A full 50 years after permission was given to bring the Roman Catholic order of deacon back to life in the United States, it remains a work in progress.
“We are still in the initial stages of reestablishing the permanent diaconate. Humble patience is what is needed,” Bishop W. Shawn McKnight told about 3,000 deacons, deacon candidates and members of their families.
He spoke at a plenary gathering during the 2018 National Diaconate Congress, held July 22-26 in New Orleans.
More than 40 people from this diocese attended, including deacons, deacon candidates, wives, and Father Daniel Merz, diocesan director of the permanent diaconate.
The theme was “Christ the Servant: Yesterday, Today and Forever.”
“I came back from New Orleans with a renewed pride in my ministry as a deacon, optimistic about the future of the diaconate in our diocese,” stated Deacon Edward Stroesser of St. Andrew parish in Holts Summit.
“It was powerful to see so many deacons, candidates and wives gathered together for this special celebration of thanks and continuance and direction, that we might move forward in our individual and collective ministries,” said Deacon Raymond Purvis of Immaculate Conception parish in Jefferson City, diocesan coordinator of the Office of Deacon Formation.
A century at a time
Bishop McKnight has studied and written extensively about the interwoven theology, history and sociology of the order of deacon. He is author of a recently published book, Understanding the Diaconate.
In a talk punctuated with laughs and candid observations, he gave an overview of the Church’s evolving insights into the diaconate and the proper role for deacons.
He believes a good understanding of the diaconate goes hand-in-hand with a healthy perspective of the Church and the sacrament of holy orders.
“If you get the diaconate right, everything else about the Church seems to just fall into place,” he said.
He noted that throughout history, it has taken 100 years or more for the Church to fully implement the directives of each ecumenical council.
The most recent of these, Second Vatican Council, concluded 53 years ago.
“There is no reason why we should think that the implementation of Vatican II will take any less time (than the others),” he said.
The fathers of that council beckoned the People of God toward new openness and engagement with the modern world, and summoned a mostly passive laity into full, active and conscious participation in the everyday life of the Church.
They also called for the restoration of the ancient order of deacon to help accomplish that.
“We should be in absolute awe of how much the Holy Spirit has accomplished in our Church and with the diaconate since the close of the last session of the Second Vatican Council,” said Bishop McKnight.
But the work, he insisted, is nowhere near finished.
“Always on the move”
The diaconate was born out of great need in Apostolic Times. It flourished in the early Church and reached its apex of influence and responsibility in the third and fourth centuries before all but fading away in the early Middle Ages.
Bishop McKnight spoke at length about the contributions of Pope St. John XXIII (+1958-63), whom he referred to as the “Grandfather of the Modern Diaconate”; Blessed Pope Paul VI (+1963-78), “The Father of the Modern Diaconate”; Pope St. John Paul II (+1978-2005), “The Philosopher Pope”; Pope Emeritus Benedict XVI (+2005-13); and Pope Francis.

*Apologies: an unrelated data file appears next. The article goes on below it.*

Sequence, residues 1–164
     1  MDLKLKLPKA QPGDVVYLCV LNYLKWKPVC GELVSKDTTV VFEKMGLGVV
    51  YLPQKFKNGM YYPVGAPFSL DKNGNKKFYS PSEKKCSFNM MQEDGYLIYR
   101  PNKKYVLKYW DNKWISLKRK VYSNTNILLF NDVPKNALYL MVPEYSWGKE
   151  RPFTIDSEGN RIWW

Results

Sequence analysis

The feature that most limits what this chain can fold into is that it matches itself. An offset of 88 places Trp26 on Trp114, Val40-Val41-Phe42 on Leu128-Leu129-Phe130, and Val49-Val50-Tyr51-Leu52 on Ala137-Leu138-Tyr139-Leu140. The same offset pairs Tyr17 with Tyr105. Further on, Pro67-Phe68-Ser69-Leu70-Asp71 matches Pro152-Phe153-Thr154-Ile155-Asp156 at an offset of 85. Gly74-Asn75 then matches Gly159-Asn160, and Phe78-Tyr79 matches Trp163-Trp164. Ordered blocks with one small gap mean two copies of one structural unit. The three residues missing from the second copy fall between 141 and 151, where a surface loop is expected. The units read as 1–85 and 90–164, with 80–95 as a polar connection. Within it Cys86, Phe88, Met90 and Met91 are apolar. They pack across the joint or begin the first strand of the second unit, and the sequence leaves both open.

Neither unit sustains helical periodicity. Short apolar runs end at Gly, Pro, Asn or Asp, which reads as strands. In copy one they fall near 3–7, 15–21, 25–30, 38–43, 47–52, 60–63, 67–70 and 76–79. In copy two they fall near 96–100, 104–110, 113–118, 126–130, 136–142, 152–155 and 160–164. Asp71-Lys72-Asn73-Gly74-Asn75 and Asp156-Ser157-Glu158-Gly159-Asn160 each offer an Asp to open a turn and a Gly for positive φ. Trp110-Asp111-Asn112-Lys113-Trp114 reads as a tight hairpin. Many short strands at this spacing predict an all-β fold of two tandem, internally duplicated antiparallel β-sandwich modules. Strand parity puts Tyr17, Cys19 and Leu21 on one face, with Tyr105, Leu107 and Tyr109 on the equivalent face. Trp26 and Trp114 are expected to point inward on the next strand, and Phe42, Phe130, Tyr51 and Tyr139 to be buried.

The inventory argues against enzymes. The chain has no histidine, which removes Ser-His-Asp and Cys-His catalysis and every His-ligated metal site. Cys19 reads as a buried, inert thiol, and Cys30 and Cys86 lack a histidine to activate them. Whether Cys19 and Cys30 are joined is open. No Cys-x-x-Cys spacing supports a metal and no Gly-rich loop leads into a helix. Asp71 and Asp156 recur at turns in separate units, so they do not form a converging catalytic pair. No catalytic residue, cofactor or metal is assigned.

“They were the most significantly responsible for shaping the diaconate as we have it today,” said Bishop McKnight.
He said never to lose sight of how the restored diaconate fits into Vatican II’s larger vision of a Church that is missionary, evangelical, outward-focused and tuned into the current age.
He believes a passage from “Ad Pascendum,” Blessed Pope Paul’s 1972 apostolic letter presenting norms for the diaconate, is essential to understanding the order’s purpose:
“The permanent diaconate should be restored as an intermediate order between the higher grades of ecclesial hierarchy and the rest of the People of God, being as it were an expression of the needs and desires of the Christian communities, an animator of the service of diaconaia of the Church among the local Christian communities, and a sign or sacrament of Christ the Lord Himself, Who came not to be served but to serve” (Bishop McKnight’s translation of a passage from “Ad Pascendum”).
The diaconate, the bishop noted, is defined in terms of relationships — between the ordained and the laity, and between the Church and all who have yet to become part of it.
As with the order of priests and of bishops, the diaconate is less about individual deacons than about the entire Church.
“We ordain a man to the diaconate, priesthood or episcopate, not because the man personally needs it to be saved — baptism is the only sacrament necessary for salvation — but because the communion of the Church, the holiness of the Church, demands it,” he said.
Through official Church documents and the Catechism of the Catholic Church, as well as instructive teaching, Pope St. John Paul II helped codify the role of the deacon in Church law.
He told a gathering of deacons during his 1987 visit to the United States: “The service of the deacon is the Church’s service sacramentalized. You are meant to be living signs of the servanthood of Christ’s Church.”